A surge in naval maneuvers in the South China Sea by Western allies this year is keeping China from any further expansion into the contested waters, analysts say.
Vessels from Australia, France, Japan and the United States have sent ships to the 3.5 million-square-kilometer sea in 2018. They believe the sea rich in fisheries and fossil fuel reserves to be an international waterway, but China claims about 90 percent of it and has militarized several key islets.
The foreign military exercises, naval ship passages and ports of call, along with one U.S. B-52 flyby have effectively stopped China from pushing ahead with expansion that’s also opposed by five other maritime claimants in Asia, experts believe.
“You take a realist perspective of power, and it’s a way of ensuring the South China Sea is permanently contested,” said Alan Chong, associate professor at the S. Rajaratnam School of International Studies in Singapore.
“So, the Chinese will issue angry statements and so on, warning of consequences, but the fact that all these multinational navies keep doing it in spite of Chinese warnings, it defies Beijing," he said.
Year of military exercises
The number of hours of that navy ships have spent in the South China Sea has hit a high this year, said Carl Thayer, Asia-specialized emeritus professor at the University of New South Wales in Australia.
The U.S. Navy has sailed naval vessels into the South China Sea eight times over the past 18 months and flew two B-52 bombers over it last month. This month the United States and the Philippines kicked off their own joint naval exercises to train Manila’s navy.
Australia passed three ships though the sea in April en route to a goodwill visit to Vietnam, and Japan anticipates sending an Izumo-class helicopter carrier through the sea again this year as it did in 2017. Last year military officers from the 10-member Association of Southeast Asian Nations bloc boarded the Izumo.
France passed a frigate and an assault ship through near Chinese-held islets in May.
Reports in May of Chinese missiles deployed to the sea’s Spratly Islands galvanized much for the foreign naval attention this year, Thayer said.
On Monday the U.S. Navy wrapped up its biennial RIMPAC exercises, which are based out of Honolulu. The series of live-fire drills and scenario-based exercises brought together 25,000 people from 25 countries including South China Sea claimant states such as Brunei, Malaysia, the Philippines and Vietnam.
The Philippines gained from RIMPAC by “becoming comfortable” with allies and learning to “operate smoothly with them,” said Jay Batongbacal, a University of the Philippines international maritime affairs professor.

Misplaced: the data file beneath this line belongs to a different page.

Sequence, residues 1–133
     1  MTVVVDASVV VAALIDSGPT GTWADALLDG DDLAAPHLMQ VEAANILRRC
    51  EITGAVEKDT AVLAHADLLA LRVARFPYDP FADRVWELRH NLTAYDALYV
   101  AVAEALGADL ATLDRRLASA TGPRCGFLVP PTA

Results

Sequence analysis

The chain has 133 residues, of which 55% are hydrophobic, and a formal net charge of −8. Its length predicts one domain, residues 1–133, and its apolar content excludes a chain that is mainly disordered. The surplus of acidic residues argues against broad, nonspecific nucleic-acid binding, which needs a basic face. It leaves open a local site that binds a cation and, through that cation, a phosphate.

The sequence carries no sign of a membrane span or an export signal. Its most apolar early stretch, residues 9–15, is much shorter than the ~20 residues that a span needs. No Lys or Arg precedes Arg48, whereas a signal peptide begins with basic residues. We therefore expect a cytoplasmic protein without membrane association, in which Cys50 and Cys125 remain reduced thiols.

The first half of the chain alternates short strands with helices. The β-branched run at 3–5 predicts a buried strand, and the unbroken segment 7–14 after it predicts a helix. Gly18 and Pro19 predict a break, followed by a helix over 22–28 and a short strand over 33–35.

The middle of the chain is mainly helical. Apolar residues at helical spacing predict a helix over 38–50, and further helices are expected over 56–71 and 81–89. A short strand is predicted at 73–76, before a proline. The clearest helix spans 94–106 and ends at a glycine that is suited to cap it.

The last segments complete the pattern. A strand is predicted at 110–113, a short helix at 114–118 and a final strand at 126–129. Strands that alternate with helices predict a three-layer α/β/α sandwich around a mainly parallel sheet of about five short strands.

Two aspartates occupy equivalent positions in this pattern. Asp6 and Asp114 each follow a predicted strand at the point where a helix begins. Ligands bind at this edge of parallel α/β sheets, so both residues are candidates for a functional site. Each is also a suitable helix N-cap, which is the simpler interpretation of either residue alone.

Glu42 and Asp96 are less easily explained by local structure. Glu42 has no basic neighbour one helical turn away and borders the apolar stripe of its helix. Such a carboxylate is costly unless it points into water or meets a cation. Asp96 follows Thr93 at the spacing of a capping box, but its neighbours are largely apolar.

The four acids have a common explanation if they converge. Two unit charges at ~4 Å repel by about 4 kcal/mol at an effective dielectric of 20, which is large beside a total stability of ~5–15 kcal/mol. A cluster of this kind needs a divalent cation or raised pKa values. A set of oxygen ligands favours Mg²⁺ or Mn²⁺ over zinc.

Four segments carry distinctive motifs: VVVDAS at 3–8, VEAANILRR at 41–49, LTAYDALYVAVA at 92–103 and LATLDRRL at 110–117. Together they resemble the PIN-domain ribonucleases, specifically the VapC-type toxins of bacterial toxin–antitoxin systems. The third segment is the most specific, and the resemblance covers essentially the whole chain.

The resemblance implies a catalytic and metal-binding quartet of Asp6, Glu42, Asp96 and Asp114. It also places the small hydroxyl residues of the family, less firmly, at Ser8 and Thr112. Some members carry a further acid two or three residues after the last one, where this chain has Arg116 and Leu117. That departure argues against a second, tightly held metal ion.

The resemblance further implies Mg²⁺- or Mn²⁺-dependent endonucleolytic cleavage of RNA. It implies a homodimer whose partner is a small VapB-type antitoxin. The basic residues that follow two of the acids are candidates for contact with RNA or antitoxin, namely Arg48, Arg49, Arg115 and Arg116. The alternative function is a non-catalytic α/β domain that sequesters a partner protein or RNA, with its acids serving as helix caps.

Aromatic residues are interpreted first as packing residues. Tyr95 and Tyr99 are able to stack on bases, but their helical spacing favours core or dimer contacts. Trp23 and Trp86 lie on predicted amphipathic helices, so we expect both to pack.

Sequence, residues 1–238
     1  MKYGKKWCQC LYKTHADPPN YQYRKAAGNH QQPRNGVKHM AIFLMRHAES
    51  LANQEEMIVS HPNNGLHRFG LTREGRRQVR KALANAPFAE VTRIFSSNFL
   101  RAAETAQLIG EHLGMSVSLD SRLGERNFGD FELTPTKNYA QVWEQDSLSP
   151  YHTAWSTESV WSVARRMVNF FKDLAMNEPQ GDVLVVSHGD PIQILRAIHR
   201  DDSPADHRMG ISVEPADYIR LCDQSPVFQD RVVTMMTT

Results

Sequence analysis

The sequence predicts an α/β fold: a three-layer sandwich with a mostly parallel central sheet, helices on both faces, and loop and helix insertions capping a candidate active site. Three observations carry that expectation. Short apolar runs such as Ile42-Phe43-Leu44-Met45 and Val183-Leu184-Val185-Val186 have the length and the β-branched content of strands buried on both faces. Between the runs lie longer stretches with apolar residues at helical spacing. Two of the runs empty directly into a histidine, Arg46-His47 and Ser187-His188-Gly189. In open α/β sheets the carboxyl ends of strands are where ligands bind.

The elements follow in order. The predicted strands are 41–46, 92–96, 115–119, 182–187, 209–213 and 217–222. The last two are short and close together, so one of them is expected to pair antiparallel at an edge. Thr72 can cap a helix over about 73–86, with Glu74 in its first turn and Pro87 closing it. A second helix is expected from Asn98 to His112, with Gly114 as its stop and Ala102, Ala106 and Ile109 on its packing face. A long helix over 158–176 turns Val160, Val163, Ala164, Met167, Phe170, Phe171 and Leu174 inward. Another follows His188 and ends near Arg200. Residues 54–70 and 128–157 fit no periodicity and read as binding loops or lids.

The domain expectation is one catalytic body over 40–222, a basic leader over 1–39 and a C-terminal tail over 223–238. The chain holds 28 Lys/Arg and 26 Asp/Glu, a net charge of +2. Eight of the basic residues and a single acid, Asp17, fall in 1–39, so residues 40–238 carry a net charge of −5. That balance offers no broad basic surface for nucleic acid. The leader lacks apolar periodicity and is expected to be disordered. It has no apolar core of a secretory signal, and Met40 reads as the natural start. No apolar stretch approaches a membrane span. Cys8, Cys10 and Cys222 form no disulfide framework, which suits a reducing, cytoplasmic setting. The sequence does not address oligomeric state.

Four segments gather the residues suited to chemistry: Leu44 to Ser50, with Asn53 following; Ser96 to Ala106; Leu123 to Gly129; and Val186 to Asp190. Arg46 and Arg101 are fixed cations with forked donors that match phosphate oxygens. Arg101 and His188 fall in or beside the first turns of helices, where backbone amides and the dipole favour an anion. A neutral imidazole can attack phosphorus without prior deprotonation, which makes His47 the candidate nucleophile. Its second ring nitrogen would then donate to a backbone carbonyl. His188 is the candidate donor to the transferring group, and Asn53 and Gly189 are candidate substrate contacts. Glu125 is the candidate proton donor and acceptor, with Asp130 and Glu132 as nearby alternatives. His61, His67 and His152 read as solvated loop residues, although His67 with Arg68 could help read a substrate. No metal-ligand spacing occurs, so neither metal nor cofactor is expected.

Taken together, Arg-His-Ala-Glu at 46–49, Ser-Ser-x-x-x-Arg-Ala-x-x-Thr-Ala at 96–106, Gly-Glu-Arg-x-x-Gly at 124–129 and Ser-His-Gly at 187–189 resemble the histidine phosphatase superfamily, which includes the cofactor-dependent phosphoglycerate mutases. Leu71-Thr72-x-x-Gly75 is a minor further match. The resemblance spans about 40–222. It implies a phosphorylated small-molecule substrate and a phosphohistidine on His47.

All four Southeast Asian countries contest some of the waters that China calls its own. The United States dis-invited Beijing from RIMPAC this year.
China criticizes these movements and often responds with its own. It cites historical records to back its claim to most of the sea.
Chinese vessels followed their Australian and French counterparts. Its navy sent an auxiliary general intelligence ship this month to track the RIMPAC exercises near Honolulu, according to American media reports quoting a Pacific Fleet spokesman.
In April, China held military drills for two days in the sea. They brought together about 10,000 personnel and 48 naval vessels.
China wants to keep the others away, said Jonathan Spangler, director of the South China Sea Think Tank in Taipei.
“There’s the demonstrating that you are a world leader politically and militarily, the power projection thing, and there’s the deterrent aspect,” Spangler said. “There’s also the sort of insurance policy aspect. In the off chance there’s a conflict, then (China) will be prepared.”
But use of the sea by Western navies effectively keeps China from building up more islets – many of which it has landfilled since 2010 – or testing the patience of the Southeast Asian maritime claimants, experts say.
China “cannot assume on a roll and can take the South China Sea by stealth” as they build economic ties to get on the good side of other claimants, Chong said. Too much pushback against other navies would scuttle Chinese statements that it’s a good neighbor in Asia, he added.
Western-allied ship movement now follows a Cold War pattern where American and Soviet ships tested each other's influence, Thayer said. U.S. and Soviet vessels had faced off, for example, in the Indian Ocean.
China may have called off plans to build on Scarborough Shoal, which is contested by Beijing and Manila, as former U.S. President Barack Obama sent ships, he said. A U.S. carrier strike group reached the sea in 2015.
“Both sides are contributing to the tensions in the sense that anything America does China will push back,” he said. “Several years ago, the expression was you do 1 we do 1.5 times, you do two, we do 2.5.”